Erica is an advocacy professional dedicated to ending global corruption and the abuses it perpetuates. Before joining FACT, Erica spent five years working with U.S.-based nonprofits focused on advancing transparent governance, accountability, and rule of law in the Middle East. From 2017-2020, Erica served as government relations director at Americans for a Free Syria, where she partnered with lawmakers, administration officials, and other grassroots nonprofit organizations to pass and implement bipartisan legislation targeting the networks that fuel mass human rights violations in Syria and the region. She likewise campaigned to augment counterterror financing measures and prevent the diversion and abuse of U.S. humanitarian aid. She previously worked as an analyst of U.S.-Turkish relations in Washington, D.C.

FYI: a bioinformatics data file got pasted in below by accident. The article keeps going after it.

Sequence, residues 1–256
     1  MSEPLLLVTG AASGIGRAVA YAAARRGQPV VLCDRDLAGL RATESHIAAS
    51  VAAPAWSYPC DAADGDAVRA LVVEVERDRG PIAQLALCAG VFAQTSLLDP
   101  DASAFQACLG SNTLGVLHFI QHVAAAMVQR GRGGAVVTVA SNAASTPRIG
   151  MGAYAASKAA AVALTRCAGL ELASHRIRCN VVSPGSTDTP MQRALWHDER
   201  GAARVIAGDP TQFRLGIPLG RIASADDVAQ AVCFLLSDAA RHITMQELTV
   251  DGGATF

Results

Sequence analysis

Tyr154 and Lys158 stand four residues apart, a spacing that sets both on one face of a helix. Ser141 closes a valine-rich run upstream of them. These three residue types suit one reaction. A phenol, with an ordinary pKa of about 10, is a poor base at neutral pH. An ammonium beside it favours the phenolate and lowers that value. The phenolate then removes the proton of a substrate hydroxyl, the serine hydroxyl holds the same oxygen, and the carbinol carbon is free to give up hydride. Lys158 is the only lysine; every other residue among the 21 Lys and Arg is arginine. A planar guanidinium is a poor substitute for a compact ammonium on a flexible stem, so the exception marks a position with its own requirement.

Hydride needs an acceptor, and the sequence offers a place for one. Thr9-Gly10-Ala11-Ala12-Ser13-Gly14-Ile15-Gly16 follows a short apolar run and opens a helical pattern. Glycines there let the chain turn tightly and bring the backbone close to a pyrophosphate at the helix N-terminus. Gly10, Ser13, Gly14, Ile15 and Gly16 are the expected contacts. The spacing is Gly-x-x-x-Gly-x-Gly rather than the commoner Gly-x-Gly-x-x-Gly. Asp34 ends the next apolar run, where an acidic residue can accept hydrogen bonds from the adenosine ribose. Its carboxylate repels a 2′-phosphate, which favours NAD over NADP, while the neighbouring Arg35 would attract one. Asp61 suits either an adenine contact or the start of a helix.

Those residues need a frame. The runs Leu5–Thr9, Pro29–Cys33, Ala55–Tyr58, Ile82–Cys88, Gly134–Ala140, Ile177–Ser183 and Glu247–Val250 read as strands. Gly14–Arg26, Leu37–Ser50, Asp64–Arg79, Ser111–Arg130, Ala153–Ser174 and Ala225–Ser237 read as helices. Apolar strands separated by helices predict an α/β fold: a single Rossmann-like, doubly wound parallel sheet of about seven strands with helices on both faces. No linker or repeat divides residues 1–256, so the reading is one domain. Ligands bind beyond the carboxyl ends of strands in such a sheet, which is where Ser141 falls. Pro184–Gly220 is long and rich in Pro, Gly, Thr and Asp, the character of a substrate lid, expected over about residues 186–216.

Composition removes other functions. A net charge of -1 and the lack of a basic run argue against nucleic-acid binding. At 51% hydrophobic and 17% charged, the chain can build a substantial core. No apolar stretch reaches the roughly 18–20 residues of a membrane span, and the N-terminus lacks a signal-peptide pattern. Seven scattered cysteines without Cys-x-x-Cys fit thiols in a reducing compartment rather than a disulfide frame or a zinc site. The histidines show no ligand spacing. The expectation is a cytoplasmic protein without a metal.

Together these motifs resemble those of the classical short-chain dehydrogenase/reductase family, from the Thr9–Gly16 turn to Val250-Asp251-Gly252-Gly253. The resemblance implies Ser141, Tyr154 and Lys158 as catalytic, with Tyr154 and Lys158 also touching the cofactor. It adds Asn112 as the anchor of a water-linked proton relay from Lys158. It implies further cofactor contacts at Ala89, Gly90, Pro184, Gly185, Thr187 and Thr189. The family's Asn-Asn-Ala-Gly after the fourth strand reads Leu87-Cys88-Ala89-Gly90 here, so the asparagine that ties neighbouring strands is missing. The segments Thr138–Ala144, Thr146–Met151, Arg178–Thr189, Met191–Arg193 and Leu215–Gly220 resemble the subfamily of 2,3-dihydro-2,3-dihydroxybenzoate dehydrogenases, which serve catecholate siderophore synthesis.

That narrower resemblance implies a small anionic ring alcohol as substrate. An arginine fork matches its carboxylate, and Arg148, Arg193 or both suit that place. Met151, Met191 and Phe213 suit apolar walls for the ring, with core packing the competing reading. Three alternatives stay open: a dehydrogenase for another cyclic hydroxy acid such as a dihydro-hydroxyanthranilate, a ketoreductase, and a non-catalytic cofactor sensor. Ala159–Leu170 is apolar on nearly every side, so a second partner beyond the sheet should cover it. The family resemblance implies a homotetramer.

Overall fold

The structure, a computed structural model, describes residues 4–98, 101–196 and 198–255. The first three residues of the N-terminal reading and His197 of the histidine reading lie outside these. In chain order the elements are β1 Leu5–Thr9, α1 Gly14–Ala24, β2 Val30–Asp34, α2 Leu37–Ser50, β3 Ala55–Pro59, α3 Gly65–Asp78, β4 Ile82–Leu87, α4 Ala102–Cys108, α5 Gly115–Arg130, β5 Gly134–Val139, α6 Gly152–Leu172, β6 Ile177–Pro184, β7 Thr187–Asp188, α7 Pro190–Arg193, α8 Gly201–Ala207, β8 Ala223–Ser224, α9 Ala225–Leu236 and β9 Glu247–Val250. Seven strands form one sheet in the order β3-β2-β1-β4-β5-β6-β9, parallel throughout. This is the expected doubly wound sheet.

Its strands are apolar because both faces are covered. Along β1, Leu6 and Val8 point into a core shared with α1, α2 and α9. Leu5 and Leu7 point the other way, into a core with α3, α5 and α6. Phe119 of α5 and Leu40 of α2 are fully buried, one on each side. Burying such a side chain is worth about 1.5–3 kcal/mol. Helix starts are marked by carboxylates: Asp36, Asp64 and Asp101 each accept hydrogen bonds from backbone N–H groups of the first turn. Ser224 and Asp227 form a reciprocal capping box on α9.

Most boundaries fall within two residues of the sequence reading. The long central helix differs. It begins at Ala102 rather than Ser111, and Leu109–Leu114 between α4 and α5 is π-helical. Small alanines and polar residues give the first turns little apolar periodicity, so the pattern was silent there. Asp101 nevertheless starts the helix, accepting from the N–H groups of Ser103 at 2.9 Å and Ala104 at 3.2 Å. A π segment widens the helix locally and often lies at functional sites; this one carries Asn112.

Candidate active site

Erica has appeared on Fox News, CBN News, and international television media, and her work and comments have been featured in The Hill, The Daily Beast, and the Washington Institute for Near East Policy, among others. She holds a Bachelors of Science in Foreign Service from Georgetown University in International Politics, with a focus on International Security and Eurasian Studies.
Susan is the deputy director for Public Citizen’s Congress Watch division, where she helps coordinate all aspects of the division’s advocacy across multiple issue campaigns, specializing in financial reform, international tax issues and open government initiatives. Susan received her bachelor’s degree from Michigan State University and received her J.D., cum laude in public law and regulation from MSU’s College of Law. She is a member of the State Bar of Michigan. Prior to joining Public Citizen, she worked as the Michigan policy director of Clean Water Action and Clean Water Fund.